Eight common investor mistakes

By Steve Waters
Some investors may plough into property because it looks like an easy path to riches, but many make mistakes that will ultimately sabotage their efforts.
Before you decide to park your money in bricks and mortar, take a moment to check you’re making the best possible decisions for your future self.
Here are eight common mistakes investors make when trying to build a portfolio.

 1. Not knowing where you’ll finish

In the recent Winter Olympics, Austrian competitor, Teresa Stadlober, was cementing her second-place position in the cross-country ski.
With 7km left in the 30km race, Stadlober inexplicably veered right on a downhill slope while the rest of the skiers went left.
By the time she had corrected her course, she dropped from second to eighth and her silver medal hopes vanished.
It’s no good charging headlong into an investment journey if you haven’t taken the time to consider where you want to end up and how you’re going to get there.
Goals are beacons for our success, so if a comfortable retirement is your dream outcome, decide when it will be, how much you’ll need and how you can achieve your ambition.

 2. Using head over heart

We’re all (mostly) human and there are emotional hurdles we all must clear when making sound financial decisions.
Know your numbers and trust the results.
Don’t be suckered into a real estate investment just because you could imagine yourself living there.
Investing is a business, and the best way to go broke is to set aside numeric logic.
Make sure your potential holding ticks the right boxes for occupancy rates, price, amenity and future growth.
Also, lean on your trusted advisors and have faith in their experience.

 3. Poor cash flow management

Long-term property investors often cite potential capital gains as their purchasing criteria. Unfortunately, many are so keen to get a piece of “blue-chip” real estate they forget about things like loan servicing, expenses and future maintenance costs.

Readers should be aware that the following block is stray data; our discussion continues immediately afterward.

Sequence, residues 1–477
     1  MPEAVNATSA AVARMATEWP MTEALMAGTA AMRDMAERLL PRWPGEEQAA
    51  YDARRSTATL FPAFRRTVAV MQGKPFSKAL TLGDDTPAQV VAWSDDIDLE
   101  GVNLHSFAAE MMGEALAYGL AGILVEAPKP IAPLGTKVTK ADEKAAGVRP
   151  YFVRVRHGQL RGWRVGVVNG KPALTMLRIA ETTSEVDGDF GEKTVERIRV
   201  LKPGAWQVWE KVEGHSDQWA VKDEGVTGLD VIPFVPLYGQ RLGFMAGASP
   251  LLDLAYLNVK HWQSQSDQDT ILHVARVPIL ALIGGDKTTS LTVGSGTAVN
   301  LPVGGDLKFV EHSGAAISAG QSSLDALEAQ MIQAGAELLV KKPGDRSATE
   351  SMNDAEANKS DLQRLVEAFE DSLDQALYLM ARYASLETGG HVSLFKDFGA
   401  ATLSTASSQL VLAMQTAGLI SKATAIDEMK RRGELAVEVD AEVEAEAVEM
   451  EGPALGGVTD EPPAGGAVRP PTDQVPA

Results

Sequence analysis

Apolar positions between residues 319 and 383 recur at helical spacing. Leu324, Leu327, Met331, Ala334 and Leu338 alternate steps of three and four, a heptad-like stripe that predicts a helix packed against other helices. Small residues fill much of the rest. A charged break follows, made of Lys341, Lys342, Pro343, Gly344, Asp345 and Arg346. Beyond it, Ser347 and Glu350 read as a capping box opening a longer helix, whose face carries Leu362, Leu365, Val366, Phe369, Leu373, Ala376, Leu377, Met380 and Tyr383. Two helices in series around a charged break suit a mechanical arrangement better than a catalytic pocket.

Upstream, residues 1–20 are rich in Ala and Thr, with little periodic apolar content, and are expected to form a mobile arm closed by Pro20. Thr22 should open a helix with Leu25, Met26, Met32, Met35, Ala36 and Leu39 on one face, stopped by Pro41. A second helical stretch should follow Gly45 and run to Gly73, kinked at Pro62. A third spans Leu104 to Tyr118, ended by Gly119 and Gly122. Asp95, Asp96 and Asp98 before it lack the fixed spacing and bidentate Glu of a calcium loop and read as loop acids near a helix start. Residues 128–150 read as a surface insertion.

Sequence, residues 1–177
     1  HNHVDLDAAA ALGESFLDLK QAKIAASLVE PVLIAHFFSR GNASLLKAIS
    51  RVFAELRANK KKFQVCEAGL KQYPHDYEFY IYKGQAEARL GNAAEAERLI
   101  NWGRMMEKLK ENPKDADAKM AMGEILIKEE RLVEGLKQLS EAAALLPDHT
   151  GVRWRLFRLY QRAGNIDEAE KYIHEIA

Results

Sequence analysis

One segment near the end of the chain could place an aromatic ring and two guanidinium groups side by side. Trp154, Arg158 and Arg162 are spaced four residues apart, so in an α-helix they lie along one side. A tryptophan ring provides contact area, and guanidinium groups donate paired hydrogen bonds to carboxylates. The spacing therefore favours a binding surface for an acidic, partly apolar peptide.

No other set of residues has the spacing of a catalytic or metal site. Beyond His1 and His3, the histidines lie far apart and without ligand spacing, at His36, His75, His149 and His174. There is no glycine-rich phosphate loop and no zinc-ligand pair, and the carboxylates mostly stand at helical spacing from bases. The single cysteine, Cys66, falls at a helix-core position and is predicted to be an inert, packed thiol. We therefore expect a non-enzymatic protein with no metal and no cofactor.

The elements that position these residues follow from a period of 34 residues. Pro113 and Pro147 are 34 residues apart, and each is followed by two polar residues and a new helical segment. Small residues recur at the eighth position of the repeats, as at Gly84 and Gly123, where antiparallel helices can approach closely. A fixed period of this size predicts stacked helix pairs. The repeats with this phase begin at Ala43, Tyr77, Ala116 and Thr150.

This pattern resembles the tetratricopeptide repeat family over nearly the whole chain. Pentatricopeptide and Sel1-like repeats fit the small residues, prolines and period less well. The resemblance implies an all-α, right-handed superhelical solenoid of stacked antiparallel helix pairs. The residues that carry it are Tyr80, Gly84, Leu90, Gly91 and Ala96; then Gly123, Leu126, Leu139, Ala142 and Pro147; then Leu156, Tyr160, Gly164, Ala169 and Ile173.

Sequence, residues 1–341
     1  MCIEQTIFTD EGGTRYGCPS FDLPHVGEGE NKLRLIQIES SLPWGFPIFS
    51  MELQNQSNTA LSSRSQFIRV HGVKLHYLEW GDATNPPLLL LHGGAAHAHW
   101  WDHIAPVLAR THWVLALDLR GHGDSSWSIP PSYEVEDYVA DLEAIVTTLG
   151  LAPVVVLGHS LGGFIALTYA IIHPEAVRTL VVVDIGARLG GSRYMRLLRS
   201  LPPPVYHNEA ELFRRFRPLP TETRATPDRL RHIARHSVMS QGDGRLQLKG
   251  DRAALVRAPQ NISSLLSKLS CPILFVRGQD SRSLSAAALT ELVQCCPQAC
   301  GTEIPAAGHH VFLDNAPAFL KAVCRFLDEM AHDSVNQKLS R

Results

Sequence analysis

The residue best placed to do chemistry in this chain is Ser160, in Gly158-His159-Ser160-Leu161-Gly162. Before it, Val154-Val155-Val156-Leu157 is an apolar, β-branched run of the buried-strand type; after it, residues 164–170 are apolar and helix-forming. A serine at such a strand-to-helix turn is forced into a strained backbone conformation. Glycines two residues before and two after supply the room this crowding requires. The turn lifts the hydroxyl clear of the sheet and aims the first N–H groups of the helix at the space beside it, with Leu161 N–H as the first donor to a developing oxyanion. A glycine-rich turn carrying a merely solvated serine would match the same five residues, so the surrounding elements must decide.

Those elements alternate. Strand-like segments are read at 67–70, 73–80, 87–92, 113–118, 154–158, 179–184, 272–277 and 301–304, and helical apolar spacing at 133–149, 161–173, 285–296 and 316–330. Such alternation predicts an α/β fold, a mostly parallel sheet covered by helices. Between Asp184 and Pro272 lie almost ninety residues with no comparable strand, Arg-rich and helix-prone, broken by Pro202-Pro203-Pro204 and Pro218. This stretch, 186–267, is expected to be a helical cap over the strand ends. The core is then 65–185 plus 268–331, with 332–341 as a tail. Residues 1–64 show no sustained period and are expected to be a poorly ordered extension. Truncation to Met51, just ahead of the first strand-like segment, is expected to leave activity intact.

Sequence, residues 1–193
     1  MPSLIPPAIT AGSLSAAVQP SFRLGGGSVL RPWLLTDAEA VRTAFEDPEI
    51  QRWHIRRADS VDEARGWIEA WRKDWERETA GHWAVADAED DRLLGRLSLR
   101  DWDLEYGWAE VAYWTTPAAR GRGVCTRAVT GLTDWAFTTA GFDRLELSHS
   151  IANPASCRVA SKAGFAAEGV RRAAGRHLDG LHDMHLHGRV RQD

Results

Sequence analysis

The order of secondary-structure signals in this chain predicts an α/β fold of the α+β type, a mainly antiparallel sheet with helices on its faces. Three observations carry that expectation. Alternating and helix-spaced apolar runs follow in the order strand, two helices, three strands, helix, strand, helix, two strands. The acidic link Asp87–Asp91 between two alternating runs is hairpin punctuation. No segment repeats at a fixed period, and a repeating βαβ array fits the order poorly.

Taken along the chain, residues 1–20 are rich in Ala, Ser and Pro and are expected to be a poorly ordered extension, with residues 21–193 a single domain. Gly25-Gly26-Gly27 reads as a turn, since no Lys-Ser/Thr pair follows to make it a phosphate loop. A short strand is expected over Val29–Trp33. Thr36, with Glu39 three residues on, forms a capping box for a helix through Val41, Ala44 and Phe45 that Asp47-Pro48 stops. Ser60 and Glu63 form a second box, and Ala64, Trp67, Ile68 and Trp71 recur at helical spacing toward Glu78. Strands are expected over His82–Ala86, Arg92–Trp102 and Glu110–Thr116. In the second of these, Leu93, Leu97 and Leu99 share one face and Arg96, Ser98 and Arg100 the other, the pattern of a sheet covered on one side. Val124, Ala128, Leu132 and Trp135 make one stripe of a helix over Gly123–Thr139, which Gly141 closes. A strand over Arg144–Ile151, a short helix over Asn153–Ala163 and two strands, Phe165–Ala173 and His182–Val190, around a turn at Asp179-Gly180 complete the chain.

Forgetting about cash flow is a common mistake and everything seems sweet until suddenly you find yourself short and scrambling to make up the funds.
Along with monitoring cash flow, ensure you have an adequate financial buffer.
Kept in an offset account, a contingency fund will help minimise interest while being readily accessible whenever its needed.

 4. Short term thinking

Why do investors suddenly step off their well-thought-out path, leading to a disastrous outcome capable of setting their plans back years.
Disciplined investors know the best results come from ignoring those ‘bright and shiny’ speculative ventures, and staying the course for long-term success.

5. Treating property as a passive investment

Despite what some might say “set and forget” is the wrong approach for an investment strategy.
Property portfolios are like a business – they require ongoing attention to operate at peak performance.
Everything from rentals and valuations, through to the prospects for capital gains and yields.
Real estate markets are fluid, so checking in on the strengths, weaknesses, opportunities and threats that effect your holdings is imperative.
My recommendation is to run a fine-tooth comb over your portfolios and finances every quarter so you can stay on top of the game.

 6. No hustle

Sometimes the perfect opportunity presents itself – but if you aren’t quick enough to act, this diamond buy can slip through your fingers.
Getting ready to hustle means ensuring your goals are decided, your plans are in place, your finance is in order and you have the investor mindset, so when the phone rings and your boxes are ticked, you can say a fast, ‘Yes!’ to a property with a minimum of fuss and regret.

 7. Negative gearing as a strategy

Despite what some ‘investment advisors’ might say, negative gearing isn’t a wealth building strategy, it’s a moment in time.
Buying property with the view of using negative gearing to get ahead is fraught with danger.
Your ability as an investor to access any benefits of negative gearing should be considered a bonus to your usual investment approach.
Purchase with long-term gains in mind first and foremost, then look to ways to maximise your tax advantages as they present themselves.

 8. Self-managing the rental

This is an absolute amateur error.
Almost any landlord who takes on the rigours of self-management will live to regret the decisions.
From tenant selection, to chasing late rent, to complying with the various state tenancy laws, property management is a speciality field best tackled by professionals.
Don’t fall into the trap of ‘saving a few dollars’ by self-managing, because it’ll cost you plenty in the long run.